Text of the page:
Possibly the most quoted line from Karl Marx is “Religion is the opium of the people”. It’s actually a paraphrase from a piece published by Marx in 1844, and it has become something of a mantra for atheists irrespective of their political philosophy. It is a reliable, if somewhat lazy, way of provoking a reaction from believers by asserting that their faith is just a human construct designed to repress them. I’ve been there, I’ve reacted.
Then I thought more about the actual words, and realised that Marx had a point. Historically across various cultures and ages, religious conformity has been a tool of social control exercised by those in power, for good or for ill. Religion has been a kind of drug in these circumstances; powerful and dangerous, just like opium.
The word “religion” has slightly obscure origins in Old English and French, but apparently has its root in words associated with “bond” and “obligation”, and referred to the way monks lived. And that is what religion remains; it is a set of rules, regulations and restrictions that bind people into certain practices. The premise of religious practice is that a person earns their salvation by accumulating ‘brownie points’, by doing stuff. That is what made it useful to enforce social cohesion; that is what made it a drug.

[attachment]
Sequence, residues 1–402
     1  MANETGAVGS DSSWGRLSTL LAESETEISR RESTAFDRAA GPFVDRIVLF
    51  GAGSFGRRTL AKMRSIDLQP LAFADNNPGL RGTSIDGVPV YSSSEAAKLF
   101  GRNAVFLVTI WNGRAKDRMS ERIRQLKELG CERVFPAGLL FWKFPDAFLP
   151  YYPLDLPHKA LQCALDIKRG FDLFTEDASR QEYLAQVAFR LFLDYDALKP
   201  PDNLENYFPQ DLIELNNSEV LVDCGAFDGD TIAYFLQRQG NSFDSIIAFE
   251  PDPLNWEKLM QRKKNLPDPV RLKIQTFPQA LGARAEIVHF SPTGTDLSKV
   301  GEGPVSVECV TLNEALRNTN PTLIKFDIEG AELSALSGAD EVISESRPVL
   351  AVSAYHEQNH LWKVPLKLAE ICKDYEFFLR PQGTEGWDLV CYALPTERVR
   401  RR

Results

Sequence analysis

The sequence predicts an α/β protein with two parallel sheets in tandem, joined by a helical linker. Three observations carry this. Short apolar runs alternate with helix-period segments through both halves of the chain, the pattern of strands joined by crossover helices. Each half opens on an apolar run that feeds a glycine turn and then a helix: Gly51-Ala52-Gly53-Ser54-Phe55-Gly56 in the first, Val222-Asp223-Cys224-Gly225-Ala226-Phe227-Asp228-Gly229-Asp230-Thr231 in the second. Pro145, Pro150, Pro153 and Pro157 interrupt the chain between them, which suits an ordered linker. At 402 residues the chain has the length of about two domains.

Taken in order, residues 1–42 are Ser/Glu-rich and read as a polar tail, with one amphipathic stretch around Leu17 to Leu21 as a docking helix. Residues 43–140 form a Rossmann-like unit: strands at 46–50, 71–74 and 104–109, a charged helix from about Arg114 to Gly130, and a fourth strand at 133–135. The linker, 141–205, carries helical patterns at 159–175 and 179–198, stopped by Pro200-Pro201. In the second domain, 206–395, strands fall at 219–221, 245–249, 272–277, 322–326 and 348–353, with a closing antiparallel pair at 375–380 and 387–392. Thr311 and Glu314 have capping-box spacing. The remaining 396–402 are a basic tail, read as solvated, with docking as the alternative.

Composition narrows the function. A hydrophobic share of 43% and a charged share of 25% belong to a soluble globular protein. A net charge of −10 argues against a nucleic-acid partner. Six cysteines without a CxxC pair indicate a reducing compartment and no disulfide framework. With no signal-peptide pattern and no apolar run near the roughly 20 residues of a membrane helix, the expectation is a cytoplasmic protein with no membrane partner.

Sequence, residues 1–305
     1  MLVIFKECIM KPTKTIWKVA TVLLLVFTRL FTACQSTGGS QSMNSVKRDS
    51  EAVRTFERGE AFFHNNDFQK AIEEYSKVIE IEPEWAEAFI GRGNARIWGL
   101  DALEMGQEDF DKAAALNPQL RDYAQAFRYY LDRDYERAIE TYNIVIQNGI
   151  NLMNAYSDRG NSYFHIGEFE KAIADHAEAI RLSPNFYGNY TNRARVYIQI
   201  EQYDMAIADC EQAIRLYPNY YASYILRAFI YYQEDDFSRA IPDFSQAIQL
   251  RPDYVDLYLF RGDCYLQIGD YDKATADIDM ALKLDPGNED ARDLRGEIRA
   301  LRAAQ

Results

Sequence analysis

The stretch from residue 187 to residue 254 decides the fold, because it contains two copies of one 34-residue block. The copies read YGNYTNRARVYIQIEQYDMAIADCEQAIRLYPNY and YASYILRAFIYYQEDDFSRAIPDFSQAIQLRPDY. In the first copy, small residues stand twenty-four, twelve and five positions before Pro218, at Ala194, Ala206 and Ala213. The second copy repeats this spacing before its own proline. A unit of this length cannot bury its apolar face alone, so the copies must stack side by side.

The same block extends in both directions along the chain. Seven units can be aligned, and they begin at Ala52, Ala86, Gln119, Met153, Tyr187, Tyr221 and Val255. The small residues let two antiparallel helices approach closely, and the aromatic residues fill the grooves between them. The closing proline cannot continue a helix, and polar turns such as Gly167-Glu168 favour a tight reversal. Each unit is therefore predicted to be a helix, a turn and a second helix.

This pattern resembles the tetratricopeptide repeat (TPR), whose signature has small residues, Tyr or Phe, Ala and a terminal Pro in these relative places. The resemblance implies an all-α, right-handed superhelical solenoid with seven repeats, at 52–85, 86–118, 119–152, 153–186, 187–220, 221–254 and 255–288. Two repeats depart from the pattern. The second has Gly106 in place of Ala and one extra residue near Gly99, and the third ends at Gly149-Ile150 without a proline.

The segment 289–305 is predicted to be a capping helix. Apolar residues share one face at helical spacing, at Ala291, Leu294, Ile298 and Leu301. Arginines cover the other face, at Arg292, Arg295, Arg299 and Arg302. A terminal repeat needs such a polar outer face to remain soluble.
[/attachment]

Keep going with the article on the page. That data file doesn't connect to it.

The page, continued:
But the Bible does not offer religion that looks like that. Jesus declared “I have come so that you may have life in all its fullness” (John 10:10, paraphrase). Paul said “it is by grace that you have been saved… not by works” (Ephesians 2:8-9). Biblical Christianity is not about rule keeping, it is about a relationship with God made possible because of what Jesus did for us.
Religion that binds people is the creation of humans, not of God. Marx was right, religion in this form is a drug, and like all drugs the only appropriate response is to say no to it. Instead look to the Bible, which tells Christians “it is for freedom that Christ has set us free” (Galations 5:1).